Perfect

The idea of perfectionism has been weighing on my mind lately. Perfectionism, as in not being satisfied with one's self as a result of internal processes, or feeling as though one needs to live up to the expectations of someone else. The primary reason that this has been on my mind is that as a dietitian, I experience this expectation first hand. I am sure that many people assume that as my career is so involved with nutrition, I would have a “perfect diet”. Or, that I surely look at what others are eating and critique it in my head. The truth is, that is not the case. I am actually pretty sure that others look at what I eat more than the other way around. Also, I am a human. I love chocolate.... And salty foods.... And that is okay. Although my job title has the word “diet” in it, I know enough to realize that there is no one perfect “diet” that is going to suit each and every person.

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Plant Protein

bout ten years ago, when I was first getting started with vegetarianism, a big concern of mine was making sure that I was eating enough protein. Today, I believe this was a result of my environment, as so many of the messages around me at the time told me that protein came from meat. So, for the first year of being a vegetarian I got a little obsessive with my protein intake. I can remember supplementing my diet with protein shakes made from soy milk, silken tofu, soy protein powder, and peanut butter. Often they contained about 25-30 g of protein. I realize now that these shakes were providing roughly 60% of my daily protein needs, all in one shot. Great, right? Maybe not...

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Mindful Eating Part 1

Take a moment right now to think about what you are experiencing all around you. Listen to the sounds that you are hearing. Take a look at the effect of the light that you see. Notice how your clothing feels against your skin. Try to recall the taste of the last thing you ate or drank. Finally, take a deep breath through you nose and smell the air. Close your eyes for a couple seconds and fully experience all these things happening at once. When we are actively engaging our sense to the experiences going on all around us, we are aware and embracing what is physically happening in the moment. This is mindfulness.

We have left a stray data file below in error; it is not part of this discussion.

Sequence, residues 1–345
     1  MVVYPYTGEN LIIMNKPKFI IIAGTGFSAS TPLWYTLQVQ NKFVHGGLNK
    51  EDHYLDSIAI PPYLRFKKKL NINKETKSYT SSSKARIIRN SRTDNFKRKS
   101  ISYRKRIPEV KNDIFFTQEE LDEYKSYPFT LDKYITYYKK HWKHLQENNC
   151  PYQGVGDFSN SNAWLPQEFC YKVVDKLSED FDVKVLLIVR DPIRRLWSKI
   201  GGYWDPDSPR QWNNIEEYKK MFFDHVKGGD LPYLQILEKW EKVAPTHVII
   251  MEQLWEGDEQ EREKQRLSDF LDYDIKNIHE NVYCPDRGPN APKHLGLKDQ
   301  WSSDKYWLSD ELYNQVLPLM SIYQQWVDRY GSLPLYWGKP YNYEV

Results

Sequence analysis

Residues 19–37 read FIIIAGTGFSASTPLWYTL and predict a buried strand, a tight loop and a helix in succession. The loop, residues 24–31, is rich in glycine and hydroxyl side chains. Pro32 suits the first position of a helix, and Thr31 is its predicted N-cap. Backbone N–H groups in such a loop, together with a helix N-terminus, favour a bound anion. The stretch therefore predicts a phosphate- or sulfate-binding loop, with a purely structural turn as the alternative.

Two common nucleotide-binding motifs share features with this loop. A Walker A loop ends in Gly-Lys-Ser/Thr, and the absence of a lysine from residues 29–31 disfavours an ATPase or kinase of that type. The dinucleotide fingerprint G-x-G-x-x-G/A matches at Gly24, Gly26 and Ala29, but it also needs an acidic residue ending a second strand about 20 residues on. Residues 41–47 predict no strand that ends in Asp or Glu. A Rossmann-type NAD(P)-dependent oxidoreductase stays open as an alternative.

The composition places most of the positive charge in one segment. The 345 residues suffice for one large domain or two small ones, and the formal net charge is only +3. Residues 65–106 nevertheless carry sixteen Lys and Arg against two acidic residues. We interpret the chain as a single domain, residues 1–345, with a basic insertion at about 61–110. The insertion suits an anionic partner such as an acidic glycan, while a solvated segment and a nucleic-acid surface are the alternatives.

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It's about so much more than just salads

Me at a créperie in France.
Me at a créperie in France.

Too many times I have been to a typical restaurant, and literally the only thing I can order from the menu (without feeling like I am making a big fuss) is a green salad. Don't get me wrong, I love my salads, but to be honest it can be a pretty big disappointment since I can almost always make a better one at home. However, what bothers me is that when I explain to the waiter/waitress that I am a vegan and place my order for the salad, I can't help but ask myself if this is what they think I eat all the time.

What if this person's idea of a typical vegan meal is a plate full of lettuce with a sprinkle of shredded carrots and chopped tomatoes, and a little oil and vinegar on the side? If this is the case, I would not surprised if so many people think that vegan diets are nutritionally inadequate, and boring.

Similarly, what hope would a person have to maintain a healthy plant-based/vegan diet if they believe that they need to attain some unrealistic standard (think foods that are outside of a person's budget, dishes they don't have time to prepare, or something that just plain isn't enjoyable)? They probably won't attain or maintain it, at least not in the long term, because for most people it wouldn't be sustainable. And that is okay, because why would you want to live up to a standard that you don't enjoy, anyway?

We need to be realistic with the health goals we set for ourselves, and we need to be realistic with our food choices. We need to realize that healthy eating and vegan/plant based diets are about so much more than just salads. Of course, a salad can be completely satisfying and nutritionally adequate with some beans, whole grains, extra veggies, and some nuts or seeds on top. It can also be made super interesting by experimenting with different ingredients to change up the flavours and textures. But why limit ourselves to just salads? With all the different, delicious vegan foods, recipes, and substitutions available, it seems a shame to believe that a vegan lifestyle equates to a life of salads (unless that's what you're into, of course).

As someone that has been doing the whole vegan lifestyle thing for a while, I have learned that there are so many different options when it comes to eating healthy using whole, plant-based foods. It can only get boring if you let it be. Trying new vegan recipes can be an experience that allows you to broaden your palate, add some colour to your plate, do something good for the environment, and benefit from all the nutrients found in whole, plant-based foods.